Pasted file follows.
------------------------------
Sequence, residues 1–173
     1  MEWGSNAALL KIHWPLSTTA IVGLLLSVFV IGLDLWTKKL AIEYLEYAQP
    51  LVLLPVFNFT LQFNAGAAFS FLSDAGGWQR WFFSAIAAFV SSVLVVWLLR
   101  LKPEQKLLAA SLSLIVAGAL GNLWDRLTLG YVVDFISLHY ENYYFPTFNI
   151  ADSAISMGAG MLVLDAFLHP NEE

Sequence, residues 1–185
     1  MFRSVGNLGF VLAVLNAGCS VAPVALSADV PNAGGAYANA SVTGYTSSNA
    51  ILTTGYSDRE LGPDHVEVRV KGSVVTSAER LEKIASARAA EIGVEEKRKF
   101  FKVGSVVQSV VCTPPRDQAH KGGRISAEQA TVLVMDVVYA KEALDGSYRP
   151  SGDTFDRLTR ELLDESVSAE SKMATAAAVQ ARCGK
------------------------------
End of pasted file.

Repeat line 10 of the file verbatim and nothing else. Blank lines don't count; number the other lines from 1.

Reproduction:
   151  SGDTFDRLTR ELLDESVSAE SKMATAAAVQ ARCGK